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The Cestaro v. Italy Case and the “Prohibited Purpose” Requirement of Torture

This guest post was written by Christina Kosin, LL.M. (Edinburgh) and Ph.D. student and academic assistant within the Network of Excellence for the Law of Civil Security in Europe at the German Police University in Münster, Germany. See also the post she wrote for EU Law Analysis.

The main argument of this comment is that the recent Cestaro v. Italy case shows (once again)[1] that the “prohibited purpose” requirement of torture is not the only decisive criterion in distinguishing the crime from other inhuman or degrading treatment or punishment. This comment is a reaction to the presumption by some legal scholars that the prohibited purpose criterion, explained below, is the most important element of torture and the only element which distinguishes it from other ill-treatment. The comment provides a short introduction to the case and elaborates on the issue at stake. Then, the facts of the Cestaro case are presented followed by a brief summary of and commentary on the Court’s main arguments with regard to the material breach of Article 3 of the European Convention on Human Rights (ECHR).

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Landmark European Court Decision Sends Clear Message on Ending Impunity for European Complicity in CIA Torture

This guest post was written by Amrit Singh. Amrit Singh is Senior Legal Officer for National Security and Counterterrorism at the Open Society Justice Initiative and acted as counsel in al Nashiri v. Poland.

In the woods, about 160 kilometres north of Warsaw, in a village called Stare Kiejkuty, sits a Polish intelligence base that was used during World War II by German intelligence officials and later by the Soviet military. More recently, during 2002 and 2003, in a joint operation with the Polish authorities, the CIA secretly imprisoned, tortured and ill-treated Abd al Rahim al Nashiri and Abu Zubaydah on that base. There, in a secluded villa hidden from sight, CIA interrogators subjected our client, al Nashiri, to mock executions while he stood naked and hooded before them; to painful stress positions that nearly dislocated his arms from his shoulders; and to threats of bringing in his mother to sexually abuse her in front of him.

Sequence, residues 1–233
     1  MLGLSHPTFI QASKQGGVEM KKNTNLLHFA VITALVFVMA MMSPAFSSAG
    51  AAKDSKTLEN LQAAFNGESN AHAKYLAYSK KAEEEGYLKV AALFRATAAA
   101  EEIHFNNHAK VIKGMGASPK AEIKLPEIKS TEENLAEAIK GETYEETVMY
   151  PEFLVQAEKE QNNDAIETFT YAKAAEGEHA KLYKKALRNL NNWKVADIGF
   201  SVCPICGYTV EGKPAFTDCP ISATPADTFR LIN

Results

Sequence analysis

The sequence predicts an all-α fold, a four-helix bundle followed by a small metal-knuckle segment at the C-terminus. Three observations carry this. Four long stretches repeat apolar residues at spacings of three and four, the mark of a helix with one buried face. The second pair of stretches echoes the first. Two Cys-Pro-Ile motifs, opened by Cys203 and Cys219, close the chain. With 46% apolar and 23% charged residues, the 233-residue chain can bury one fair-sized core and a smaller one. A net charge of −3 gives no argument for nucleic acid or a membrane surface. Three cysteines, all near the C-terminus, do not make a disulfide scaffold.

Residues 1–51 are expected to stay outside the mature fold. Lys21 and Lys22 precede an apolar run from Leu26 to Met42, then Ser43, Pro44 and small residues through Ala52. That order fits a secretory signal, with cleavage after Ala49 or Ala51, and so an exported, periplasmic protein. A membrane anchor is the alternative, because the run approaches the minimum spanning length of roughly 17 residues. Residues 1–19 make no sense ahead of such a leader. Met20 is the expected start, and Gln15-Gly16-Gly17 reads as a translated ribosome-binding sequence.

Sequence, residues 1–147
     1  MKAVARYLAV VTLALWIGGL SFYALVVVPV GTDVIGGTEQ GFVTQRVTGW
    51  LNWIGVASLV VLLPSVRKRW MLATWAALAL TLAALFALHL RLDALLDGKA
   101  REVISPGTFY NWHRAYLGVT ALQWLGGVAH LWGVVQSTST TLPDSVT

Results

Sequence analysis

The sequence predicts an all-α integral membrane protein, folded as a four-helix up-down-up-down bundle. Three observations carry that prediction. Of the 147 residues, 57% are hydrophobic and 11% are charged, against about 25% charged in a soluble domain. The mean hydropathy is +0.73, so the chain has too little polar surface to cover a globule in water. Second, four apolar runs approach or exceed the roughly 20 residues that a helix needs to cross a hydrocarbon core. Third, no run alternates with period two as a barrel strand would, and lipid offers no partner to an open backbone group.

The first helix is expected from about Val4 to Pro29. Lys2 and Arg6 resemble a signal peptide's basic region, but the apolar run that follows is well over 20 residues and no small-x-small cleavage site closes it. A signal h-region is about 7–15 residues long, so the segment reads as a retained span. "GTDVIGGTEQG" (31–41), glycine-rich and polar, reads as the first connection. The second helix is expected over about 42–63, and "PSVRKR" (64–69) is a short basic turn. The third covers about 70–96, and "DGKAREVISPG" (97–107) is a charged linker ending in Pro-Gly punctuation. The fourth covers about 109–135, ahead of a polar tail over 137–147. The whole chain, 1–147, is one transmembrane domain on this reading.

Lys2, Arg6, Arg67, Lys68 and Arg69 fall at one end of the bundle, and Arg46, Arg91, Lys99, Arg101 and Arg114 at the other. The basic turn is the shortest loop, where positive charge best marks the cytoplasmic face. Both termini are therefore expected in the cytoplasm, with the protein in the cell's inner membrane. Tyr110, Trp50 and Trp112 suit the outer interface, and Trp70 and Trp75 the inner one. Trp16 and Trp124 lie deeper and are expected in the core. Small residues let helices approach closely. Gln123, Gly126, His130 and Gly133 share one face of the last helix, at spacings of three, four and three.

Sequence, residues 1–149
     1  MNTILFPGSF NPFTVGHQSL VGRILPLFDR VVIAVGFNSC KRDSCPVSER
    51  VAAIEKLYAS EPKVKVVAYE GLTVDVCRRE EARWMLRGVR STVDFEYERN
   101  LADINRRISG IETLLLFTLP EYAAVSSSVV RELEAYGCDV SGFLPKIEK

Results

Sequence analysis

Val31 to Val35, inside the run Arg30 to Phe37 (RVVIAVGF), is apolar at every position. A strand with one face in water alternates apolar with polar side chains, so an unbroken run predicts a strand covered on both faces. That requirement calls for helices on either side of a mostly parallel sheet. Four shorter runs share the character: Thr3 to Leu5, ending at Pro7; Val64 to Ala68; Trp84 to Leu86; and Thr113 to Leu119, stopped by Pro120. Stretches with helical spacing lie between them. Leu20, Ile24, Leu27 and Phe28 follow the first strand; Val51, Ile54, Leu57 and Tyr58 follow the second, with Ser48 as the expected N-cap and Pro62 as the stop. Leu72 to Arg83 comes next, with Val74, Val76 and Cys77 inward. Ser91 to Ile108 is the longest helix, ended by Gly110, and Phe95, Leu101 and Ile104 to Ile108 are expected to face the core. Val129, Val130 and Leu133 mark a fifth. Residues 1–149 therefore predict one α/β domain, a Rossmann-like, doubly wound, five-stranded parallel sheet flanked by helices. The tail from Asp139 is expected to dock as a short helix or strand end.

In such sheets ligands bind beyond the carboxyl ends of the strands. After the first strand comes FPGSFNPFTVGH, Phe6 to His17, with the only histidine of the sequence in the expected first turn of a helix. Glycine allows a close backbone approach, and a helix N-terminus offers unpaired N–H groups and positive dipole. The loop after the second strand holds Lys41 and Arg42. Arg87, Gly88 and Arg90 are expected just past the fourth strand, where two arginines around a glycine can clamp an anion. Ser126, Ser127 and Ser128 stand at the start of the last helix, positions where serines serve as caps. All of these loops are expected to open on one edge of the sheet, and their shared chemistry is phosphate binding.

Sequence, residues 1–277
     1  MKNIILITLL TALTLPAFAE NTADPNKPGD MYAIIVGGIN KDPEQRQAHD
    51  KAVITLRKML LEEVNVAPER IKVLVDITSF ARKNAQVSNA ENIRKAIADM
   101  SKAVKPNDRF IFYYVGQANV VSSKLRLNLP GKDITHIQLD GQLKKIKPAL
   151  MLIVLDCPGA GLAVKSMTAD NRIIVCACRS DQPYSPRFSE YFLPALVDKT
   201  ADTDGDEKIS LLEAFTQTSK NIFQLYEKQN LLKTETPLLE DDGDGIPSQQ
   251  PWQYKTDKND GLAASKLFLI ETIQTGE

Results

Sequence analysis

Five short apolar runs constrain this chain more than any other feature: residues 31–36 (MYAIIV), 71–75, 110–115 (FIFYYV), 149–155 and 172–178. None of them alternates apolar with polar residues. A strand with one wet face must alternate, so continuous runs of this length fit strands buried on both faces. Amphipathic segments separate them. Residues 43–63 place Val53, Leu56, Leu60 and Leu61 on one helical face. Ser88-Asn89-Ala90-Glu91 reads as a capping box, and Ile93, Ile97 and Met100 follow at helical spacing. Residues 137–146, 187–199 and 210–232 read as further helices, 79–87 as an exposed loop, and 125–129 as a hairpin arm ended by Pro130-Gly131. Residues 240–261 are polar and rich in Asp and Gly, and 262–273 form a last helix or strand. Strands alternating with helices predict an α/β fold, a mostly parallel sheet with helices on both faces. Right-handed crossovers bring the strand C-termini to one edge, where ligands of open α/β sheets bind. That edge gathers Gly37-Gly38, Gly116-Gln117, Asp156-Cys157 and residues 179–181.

On July 24, 2014, the European Court of Human Rights became the first Court to adjudicate through two cases–al Nashiri v. Poland, and Husayn (Abu Zubaydah) v. Poland–the flagrant rule of law violations associated with this joint operation.

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ECtHR Rules that Police Officers Can Slap Suspects in the Face Without Contravening Article 3 ECHR: Bouyid v. Belgium

Recently, the European Court of Human Rights failed to condemn Belgium for two incidents in which police officers slapped suspects of foreign origin – including a minor – in the face during police questioning in relation to trivial affairs. The Court specifically ruled that a one-time slap in the face did not, under the specific circumstances of the case, meet the threshold for applicability of art. 3 ECHR. Although the Court condemned the police officers in moral terms, in terms of human rights law their behaviour was apparently completely acceptable. In this post I will argue that the unanimous ECtHR ruling dramatically falls short of what one might expect from a human rights court.